Marine Pollution: The Future Challenge Is to Link Human and Wildlife Studies. (Guest Editorial)

By Jenssen, Bjorn Munro | Environmental Health Perspectives, April 2003 | Go to article overview
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Marine Pollution: The Future Challenge Is to Link Human and Wildlife Studies. (Guest Editorial)

Jenssen, Bjorn Munro, Environmental Health Perspectives

The rapid population growth and enormous urban and coastal development in many of the world's coastal regions have caused considerable concern that anthropogenic pollution may reduce biodiversity and productivity of marine ecosystems, resulting in reduction and depletion of human marine food resources. In addition, natural environments are important for recreation, and consequently for human health and welfare, and there is now increased awareness that nature has its own intrinsic value. Pollution reduces the aesthetic value and perhaps also the intrinsic value of the marine environment, whether the pollution is visual (such as oil pollution and plastic debris) or invisible (such as chemical compounds).

Another main reason for concern about marine pollution is related to the direct effects of pollution on human health. Because many pollutants accumulate in marine organisms, humans are exposed to pollutants when they consume food from polluted areas. Several studies have documented that human populations that consume large amounts of marine food have high burdens of persistent organic pollutants (POPs), such as dioxins, furans, polychlorinated biphenyls (PCBs), and some heavy metals. There has been a particular focus on indigenous people who consume large amounts of marine food, including blubber products of marine mammals (Dewailly et al. 1999).

Because construction of treatment facilities for sewage is unlikely to catch up with increasing human activities, especially in developing countries, eutrophication and hypoxia will be a persistent problem. Also, exposure of marine organisms to increasing concentrations of human bacteria may pose a threat to coastal ecosystems. High levels of natural and synthetic compounds with estrogenic properties in sewage effluents have been linked to feminization of fish. There is also concern about other chemicals with endocrine-disrupting properties. One example is the marine antifouling paint ingredient tributyltin, which has been shown to cause imposex in gastropods, to affect coastal and estuarine molluscs populations, and to cause reduction of species diversity in marine estuarine benthic and epibenthic invertebrate communities (Matthiessen and Law 2002). Until now, most studies concerned with the effects of marine pollution have focused on biochemical and physiologic effects. In the future, studies should address the effects of pollution on behavioral traits that can potentially alter biodiversity and ecosystem functioning. Examples of such ecologically significant behavioral traits are antipredator behavior, reproductive behavior, parental behavior, and feeding success (Wibe 2003).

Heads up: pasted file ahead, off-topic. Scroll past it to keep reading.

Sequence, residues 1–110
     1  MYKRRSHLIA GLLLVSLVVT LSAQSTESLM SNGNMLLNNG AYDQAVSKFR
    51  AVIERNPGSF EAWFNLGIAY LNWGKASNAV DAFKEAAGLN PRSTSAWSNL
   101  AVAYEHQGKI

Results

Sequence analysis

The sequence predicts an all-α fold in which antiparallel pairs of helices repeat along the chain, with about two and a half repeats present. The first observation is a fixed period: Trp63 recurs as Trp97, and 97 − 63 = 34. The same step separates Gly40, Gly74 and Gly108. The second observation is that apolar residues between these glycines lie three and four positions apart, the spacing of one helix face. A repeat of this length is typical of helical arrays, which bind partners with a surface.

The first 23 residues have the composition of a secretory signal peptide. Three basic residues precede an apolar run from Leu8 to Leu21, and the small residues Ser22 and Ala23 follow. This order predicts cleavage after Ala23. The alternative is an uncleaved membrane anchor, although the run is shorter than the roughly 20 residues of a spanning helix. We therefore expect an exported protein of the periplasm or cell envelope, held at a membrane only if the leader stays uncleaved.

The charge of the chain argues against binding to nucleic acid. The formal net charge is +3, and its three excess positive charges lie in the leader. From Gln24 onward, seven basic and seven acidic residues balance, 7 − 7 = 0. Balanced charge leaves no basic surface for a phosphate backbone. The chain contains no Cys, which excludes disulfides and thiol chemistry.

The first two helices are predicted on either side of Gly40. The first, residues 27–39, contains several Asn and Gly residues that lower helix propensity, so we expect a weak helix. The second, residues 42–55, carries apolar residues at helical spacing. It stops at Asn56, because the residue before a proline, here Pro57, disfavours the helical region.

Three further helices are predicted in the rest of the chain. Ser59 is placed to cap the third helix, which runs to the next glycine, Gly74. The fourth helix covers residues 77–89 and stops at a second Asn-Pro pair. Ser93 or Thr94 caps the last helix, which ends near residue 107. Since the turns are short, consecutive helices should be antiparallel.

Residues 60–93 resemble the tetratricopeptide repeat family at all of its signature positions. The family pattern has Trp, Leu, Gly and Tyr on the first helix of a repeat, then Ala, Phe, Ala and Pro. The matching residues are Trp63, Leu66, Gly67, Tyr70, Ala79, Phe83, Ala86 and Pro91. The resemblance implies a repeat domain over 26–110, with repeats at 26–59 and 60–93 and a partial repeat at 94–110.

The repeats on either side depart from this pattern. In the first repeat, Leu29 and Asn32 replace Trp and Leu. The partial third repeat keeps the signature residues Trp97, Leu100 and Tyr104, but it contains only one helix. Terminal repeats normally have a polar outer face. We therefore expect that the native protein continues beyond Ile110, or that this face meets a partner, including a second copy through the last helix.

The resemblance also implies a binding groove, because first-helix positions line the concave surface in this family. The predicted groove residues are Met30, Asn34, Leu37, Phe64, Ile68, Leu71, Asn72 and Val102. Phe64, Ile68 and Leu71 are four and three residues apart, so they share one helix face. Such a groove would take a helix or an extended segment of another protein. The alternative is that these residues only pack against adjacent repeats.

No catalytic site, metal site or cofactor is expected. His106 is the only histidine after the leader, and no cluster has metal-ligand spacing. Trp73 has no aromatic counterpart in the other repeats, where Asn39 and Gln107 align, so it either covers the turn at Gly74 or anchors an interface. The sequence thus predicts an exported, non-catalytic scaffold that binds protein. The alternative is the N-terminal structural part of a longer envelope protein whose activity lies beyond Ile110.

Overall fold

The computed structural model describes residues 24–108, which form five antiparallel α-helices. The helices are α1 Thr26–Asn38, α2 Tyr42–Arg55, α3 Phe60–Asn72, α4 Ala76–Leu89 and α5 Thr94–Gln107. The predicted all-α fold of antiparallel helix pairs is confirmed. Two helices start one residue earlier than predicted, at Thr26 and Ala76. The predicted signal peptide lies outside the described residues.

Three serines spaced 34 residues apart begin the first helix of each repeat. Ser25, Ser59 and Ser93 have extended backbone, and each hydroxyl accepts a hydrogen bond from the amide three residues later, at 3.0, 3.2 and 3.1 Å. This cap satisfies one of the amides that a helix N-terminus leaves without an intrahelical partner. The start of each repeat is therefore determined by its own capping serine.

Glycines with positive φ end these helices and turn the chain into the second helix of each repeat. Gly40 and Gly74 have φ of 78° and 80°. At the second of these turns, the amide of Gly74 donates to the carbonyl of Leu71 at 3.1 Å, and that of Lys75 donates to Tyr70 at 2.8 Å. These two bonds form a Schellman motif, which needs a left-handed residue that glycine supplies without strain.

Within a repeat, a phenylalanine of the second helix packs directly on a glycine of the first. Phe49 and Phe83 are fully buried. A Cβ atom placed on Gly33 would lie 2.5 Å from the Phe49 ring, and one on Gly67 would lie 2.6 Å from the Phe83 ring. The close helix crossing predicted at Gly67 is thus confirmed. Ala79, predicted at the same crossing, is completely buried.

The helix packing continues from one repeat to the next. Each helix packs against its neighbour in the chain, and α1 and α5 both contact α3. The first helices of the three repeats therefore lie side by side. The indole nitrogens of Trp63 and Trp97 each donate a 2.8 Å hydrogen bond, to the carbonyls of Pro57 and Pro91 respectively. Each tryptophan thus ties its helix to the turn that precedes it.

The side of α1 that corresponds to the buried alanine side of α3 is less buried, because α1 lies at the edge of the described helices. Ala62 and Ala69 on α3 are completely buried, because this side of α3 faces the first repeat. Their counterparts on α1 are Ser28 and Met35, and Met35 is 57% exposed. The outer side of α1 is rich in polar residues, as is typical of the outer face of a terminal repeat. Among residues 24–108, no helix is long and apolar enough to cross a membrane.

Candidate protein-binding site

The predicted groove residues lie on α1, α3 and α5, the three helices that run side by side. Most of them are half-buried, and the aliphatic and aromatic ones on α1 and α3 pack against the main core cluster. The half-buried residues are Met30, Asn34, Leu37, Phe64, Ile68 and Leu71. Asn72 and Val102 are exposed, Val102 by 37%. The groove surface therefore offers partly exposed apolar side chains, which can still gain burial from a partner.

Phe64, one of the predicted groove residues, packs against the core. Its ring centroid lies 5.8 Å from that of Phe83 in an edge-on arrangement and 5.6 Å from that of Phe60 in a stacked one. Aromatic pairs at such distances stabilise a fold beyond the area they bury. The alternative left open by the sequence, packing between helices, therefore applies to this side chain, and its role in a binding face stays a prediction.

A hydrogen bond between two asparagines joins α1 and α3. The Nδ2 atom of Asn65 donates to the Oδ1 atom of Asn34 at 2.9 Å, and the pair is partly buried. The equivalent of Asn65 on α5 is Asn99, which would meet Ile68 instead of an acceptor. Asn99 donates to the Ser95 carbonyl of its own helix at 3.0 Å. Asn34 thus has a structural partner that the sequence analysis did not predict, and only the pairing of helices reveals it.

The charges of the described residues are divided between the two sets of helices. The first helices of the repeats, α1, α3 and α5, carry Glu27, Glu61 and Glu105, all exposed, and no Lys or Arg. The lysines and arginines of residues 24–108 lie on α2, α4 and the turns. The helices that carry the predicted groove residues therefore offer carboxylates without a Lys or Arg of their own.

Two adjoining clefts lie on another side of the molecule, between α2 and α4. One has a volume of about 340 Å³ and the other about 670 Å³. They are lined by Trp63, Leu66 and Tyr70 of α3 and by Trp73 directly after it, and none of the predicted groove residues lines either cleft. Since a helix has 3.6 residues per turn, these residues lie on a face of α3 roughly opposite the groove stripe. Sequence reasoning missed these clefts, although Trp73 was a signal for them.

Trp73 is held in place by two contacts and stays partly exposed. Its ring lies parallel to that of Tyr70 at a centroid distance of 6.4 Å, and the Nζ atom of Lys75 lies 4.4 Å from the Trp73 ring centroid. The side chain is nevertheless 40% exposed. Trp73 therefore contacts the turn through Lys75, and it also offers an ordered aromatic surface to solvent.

Recent reports have documented dose relationships between mercury, dioxins, furans, and PCBs and several reproductive, cognitive, and neurologic factors in humans. Obviously, there is a clear need to pursue such studies, and there is a particular need to identify possible confounding factors. Breast-feeding and the quality of the home environment are examples of identified confounding factors that may modify and actually counteract harmful effects of POPs (Jacobson and Jacobson 2002; Walkowiak et al. 2001).

Many marine mammals are highly dependent on well-developed cognitive abilities and must have a normal behavior to survive. The selection against cognitive and neurologic dysfunction or retardation is most likely much more significant in wildlife than in humans. Thus, there is also a great need for wildlife studies that focus on the effects of marine pollution on cognitive abilities and related neurologic effects, and it is of great interest how such effects can affect biodiversity and ecosystem functioning.

The harmful effects of many POPs on human and environmental health have been recognized, and in 2000, an international ban was implemented on the 12 most noxious POPs, the so-called "dirty dozen" (Kaiser and Enserink 2000). During the last two decades, the concentrations of many pollutants in marine biota have declined.

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Marine Pollution: The Future Challenge Is to Link Human and Wildlife Studies. (Guest Editorial)


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